What if the music uses transposing instruments?
What if the music is polytonal?
You're taking your limited view of piano grand staff, treating it like a single stave, instead of two "players", your right and left hand, and then imagining a notation scheme that won't work for a lot of instrument combinations.
Just to be clear that we aren't talking about something that applies only to unusual scores, here is an example from a set of minuets by Mozart, K. 568...
...where three key signatures are used, zero sharps/flats, one flat, and three flats. Three key signatures are used, because the wind instruments transpose. Sometimes a score can have key signatures using both sharps for some instruments and flats for others, depending on the instruments. Here is an example from Brahms, Symphony No. 2...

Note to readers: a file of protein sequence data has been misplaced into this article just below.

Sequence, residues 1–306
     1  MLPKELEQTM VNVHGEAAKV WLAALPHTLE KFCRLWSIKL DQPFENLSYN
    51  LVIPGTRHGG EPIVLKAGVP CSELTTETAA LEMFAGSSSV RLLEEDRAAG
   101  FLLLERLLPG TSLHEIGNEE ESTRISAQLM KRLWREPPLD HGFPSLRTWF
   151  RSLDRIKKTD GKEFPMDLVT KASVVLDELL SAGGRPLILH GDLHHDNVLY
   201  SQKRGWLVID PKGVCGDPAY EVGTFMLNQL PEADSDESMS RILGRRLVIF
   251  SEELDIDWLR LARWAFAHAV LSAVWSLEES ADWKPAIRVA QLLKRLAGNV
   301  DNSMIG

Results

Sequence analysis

D major, but notice the three key signatures: two sharps, one flat, and zero sharps/flats.
The basic idea is each staff represents an instrumental part, and those parts must be given their key signatures, which may differ from other instruments.
Think of your piano grand staff as two instruments, your left and right hands, but because those two "instruments" don't transpose, they will have the same key signature.
The fact that your key signature sharp/flat count doesn't differ between staves for piano, doesn't mean that's how it works for other instruments.